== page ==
In Meiro Koizumi's three-channel video installation, The Angels of Testimony (2019), the central frame features an interview with Hajime Kondo about his time as a solider of the Imperial Japanese Army during the Second Sino-Japanese War. The conversation centres on war crimes perpetrated in China, including the beheading of Chinese prisoners for...
Diana Campbell Betancourt is a curator working predominantly across South and Southeast Asia. Since 2013 she has been the founding artistic director of the Samdani Art Foundation and chief curator of the Dhaka Art Summit in Dhaka, Bangladesh, a transnational art event that has grown in size and scale ever since its first edition in 2012. Backed by...
China, home to 802 million internet users, is subject to sophisticated online censorship. This shrouded state of affairs, unsurprisingly perhaps, serves to reinforce stereotypes around conformity elsewhere. Any realm, digital or otherwise, subject to such strict scrutiny must necessarily be bland and uncritical, right? I was mulling over such...
Galerie Lelong & Co. is pleased to present Urban Requiem, Barthélémy Toguo’s first exhibition at the gallery and first solo exhibition in New York in a decade. The artist will be present for the opening reception.
A Cameroonian artist based in France, Toguo focuses his multimedia practice on notions of exile and belonging. Urban Requiem (2015) presents an arrangement of ladders weighed down with wooden portrait busts. Carved into their flat bases are slogans sourced from recent protests and national movements, from #MeToo to #BlackLivesMatter, allowing each sculpture to function as a stamp. The process of utilising each stamp parodies administrative gestures, as they require significant effort to lift and coat with black ink before making a thickly crusted mark on paper.
Toguo first conceived of the idea in the 1990s, after noticing that his passport was filled with stamps from various customs agents around the world, unlike those of his colleagues who resided in the European Union. These markings—or brandings—spark a larger conversation on the language of authority, border control as a mode of policing, and the flow of human bodies and capital that is inescapably tied to colonial and imperial histories.
Toguo reminds us that human life has always been the highest price paid for the warring of ideas. By definition, 'requiem' suggests an act of mourning for the dead, but Urban Requiem prompts us to ask, who or what has died? A piece of the answer is revealed in Black Lives Matter, a series of drawings from last year showing victims of police shootings, with each subject identified by name: Walter Scott, Trayvon Martin, Philando Castile, and Rekia Boyd. Each portrait both memorialises an individual life lost and serves as monument to countless victims of multigenerational anti-black violence.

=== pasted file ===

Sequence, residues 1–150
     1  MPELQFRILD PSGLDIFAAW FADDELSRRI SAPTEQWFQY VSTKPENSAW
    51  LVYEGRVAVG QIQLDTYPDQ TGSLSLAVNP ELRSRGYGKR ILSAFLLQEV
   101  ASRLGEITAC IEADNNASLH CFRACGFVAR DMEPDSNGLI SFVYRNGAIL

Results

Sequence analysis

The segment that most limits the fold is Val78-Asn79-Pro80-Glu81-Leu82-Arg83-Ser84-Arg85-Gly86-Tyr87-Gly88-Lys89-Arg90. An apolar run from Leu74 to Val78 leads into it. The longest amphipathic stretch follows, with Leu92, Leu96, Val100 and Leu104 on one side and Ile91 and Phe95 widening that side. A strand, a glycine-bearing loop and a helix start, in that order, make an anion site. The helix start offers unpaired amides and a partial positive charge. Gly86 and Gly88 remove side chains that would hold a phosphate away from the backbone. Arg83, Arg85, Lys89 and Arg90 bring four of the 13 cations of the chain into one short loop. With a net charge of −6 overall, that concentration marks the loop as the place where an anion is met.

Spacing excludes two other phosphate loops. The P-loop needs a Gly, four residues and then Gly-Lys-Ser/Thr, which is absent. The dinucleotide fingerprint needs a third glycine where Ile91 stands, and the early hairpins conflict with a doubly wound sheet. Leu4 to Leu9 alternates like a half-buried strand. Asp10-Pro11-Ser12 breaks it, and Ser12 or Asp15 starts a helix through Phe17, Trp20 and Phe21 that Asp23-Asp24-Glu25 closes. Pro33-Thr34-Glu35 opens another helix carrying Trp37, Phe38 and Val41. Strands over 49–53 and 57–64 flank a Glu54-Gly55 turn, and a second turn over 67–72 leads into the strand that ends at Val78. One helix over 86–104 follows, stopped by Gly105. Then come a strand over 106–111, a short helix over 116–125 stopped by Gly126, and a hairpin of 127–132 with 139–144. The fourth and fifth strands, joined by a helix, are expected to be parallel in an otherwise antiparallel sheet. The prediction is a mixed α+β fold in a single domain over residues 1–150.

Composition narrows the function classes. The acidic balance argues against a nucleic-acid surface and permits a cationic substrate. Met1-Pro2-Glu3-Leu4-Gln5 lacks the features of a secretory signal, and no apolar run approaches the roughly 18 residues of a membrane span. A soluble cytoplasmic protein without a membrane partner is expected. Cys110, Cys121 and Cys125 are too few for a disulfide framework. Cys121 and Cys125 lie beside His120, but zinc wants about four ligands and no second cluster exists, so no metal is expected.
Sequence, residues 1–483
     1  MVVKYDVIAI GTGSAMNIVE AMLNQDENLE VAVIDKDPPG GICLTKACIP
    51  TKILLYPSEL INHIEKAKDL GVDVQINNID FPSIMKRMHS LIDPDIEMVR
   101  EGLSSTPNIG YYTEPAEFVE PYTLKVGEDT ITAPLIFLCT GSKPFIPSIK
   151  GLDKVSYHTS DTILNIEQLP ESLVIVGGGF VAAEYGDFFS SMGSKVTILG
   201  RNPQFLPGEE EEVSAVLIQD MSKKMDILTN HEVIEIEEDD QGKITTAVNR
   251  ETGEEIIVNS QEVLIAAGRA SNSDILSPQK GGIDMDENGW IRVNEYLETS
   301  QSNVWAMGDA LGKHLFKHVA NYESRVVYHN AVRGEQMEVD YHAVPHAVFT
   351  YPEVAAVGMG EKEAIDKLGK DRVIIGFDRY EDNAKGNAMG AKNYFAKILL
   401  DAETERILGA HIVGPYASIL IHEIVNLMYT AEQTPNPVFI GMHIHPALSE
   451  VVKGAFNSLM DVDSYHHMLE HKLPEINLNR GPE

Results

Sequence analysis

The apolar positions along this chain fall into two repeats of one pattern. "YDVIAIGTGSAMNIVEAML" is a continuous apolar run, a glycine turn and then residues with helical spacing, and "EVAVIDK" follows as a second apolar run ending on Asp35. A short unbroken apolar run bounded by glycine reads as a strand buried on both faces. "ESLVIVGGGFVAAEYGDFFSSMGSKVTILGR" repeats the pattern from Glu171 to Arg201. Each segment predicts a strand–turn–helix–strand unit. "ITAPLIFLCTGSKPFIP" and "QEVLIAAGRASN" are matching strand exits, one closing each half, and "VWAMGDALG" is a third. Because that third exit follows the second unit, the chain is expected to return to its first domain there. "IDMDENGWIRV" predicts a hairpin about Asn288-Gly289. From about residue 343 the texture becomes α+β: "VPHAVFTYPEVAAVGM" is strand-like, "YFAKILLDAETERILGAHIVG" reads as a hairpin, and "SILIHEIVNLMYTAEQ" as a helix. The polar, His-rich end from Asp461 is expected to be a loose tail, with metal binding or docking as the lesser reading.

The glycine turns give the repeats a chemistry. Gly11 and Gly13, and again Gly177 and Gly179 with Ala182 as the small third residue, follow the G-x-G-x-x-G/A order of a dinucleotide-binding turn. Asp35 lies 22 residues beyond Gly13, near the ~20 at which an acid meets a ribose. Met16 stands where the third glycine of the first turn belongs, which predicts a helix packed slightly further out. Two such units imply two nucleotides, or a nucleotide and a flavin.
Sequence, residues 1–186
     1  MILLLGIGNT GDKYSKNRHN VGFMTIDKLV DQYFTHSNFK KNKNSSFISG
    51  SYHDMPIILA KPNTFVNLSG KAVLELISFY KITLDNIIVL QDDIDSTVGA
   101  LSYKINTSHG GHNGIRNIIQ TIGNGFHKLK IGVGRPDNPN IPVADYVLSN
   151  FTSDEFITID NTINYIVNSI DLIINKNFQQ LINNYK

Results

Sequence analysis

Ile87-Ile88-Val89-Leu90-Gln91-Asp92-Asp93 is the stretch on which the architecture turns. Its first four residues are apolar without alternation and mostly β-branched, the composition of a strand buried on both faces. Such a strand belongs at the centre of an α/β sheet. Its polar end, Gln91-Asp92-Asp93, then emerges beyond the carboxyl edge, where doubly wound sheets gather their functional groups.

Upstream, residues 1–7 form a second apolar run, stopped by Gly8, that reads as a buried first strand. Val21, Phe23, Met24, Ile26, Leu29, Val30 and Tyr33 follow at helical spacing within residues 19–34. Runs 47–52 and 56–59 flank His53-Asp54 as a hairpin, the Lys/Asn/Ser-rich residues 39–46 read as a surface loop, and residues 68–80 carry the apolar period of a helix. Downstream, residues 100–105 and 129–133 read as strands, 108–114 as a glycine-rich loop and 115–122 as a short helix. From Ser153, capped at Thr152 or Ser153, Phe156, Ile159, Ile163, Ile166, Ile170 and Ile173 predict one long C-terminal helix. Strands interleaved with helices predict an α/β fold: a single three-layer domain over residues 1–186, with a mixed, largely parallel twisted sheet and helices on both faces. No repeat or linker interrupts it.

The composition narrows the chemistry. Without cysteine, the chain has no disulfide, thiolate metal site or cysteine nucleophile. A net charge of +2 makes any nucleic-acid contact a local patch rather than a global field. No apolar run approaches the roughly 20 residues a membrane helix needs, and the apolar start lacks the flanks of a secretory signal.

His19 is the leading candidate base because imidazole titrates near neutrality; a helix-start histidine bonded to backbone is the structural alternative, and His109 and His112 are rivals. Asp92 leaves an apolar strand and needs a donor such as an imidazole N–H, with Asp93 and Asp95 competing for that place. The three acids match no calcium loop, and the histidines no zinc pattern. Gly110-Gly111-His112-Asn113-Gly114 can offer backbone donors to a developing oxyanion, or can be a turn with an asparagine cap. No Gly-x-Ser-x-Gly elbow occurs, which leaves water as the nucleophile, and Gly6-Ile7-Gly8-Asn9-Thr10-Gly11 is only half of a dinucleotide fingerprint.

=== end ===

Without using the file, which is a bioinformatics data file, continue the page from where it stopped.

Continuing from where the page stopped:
By contrast, Toguo’s striking paintings present more abstract renderings of plant life that bleed into human figures, binding societal issues to the ecological. Toguo says, 'My formal proposals, my ethical approach, my aesthetic vocabulary converge in the long run to go to the Other, the Others, with empathy.'
Toguo was born in M’Balmayo, Cameroon, in 1967, and currently lives and works in Paris, France and Bandjoun, Cameroon. Represented by the Paris location of the gallery since 2010, Toguo's relationship with the gallery extended to New York in 2019. Coinciding with Urban Requiem at Galerie Lelong & Co. is Perilous Bodies (March 5–May 11, 2019), a group exhibition that will inaugurate the newly renovated Ford Foundation Center for Social Justice, New York. Curated by Jaishri Abichandani and Natasha Becker, the show will feature Toguo’s installation, Road to Exile (2009). His most notable recent solo exhibitions include Exil, International Museum of the Red Cross and Red Crescent, Geneva, Switzerland (2018) and The Beauty of Our Voice, Parrish Art Museum, Water Mill, New York (2018). He was also shortlisted for the 2016 Prix Marcel Duchamp and included in the group exhibition of Prix Marcel Duchamp finalists at the Centre Pompidou, Paris. He has been included in numerous international biennials, including the 56th Venice Biennale (2015); 11th Biennale de Lyon (2011); and Dak’Art Biennale (2010). He was recently featured in Intriguing Uncertainties, The Parkview Museum Singapore travelling to Beijing; Art/Afrique Le Nouvel Atelier, Fondation Louis Vuitton, Paris; and Fragile State, Pinchuk Art Centre, Kiev, Ukraine. In 2011, he was made a Knight of the Order of Arts and Literature in France. His works are included in public collections worldwide, including Tate Modern, England; Centre Pompidou, France; Musée d'art contemporain de Lyon, France; Studio Museum Harlem, New York; and MoMA, New York.
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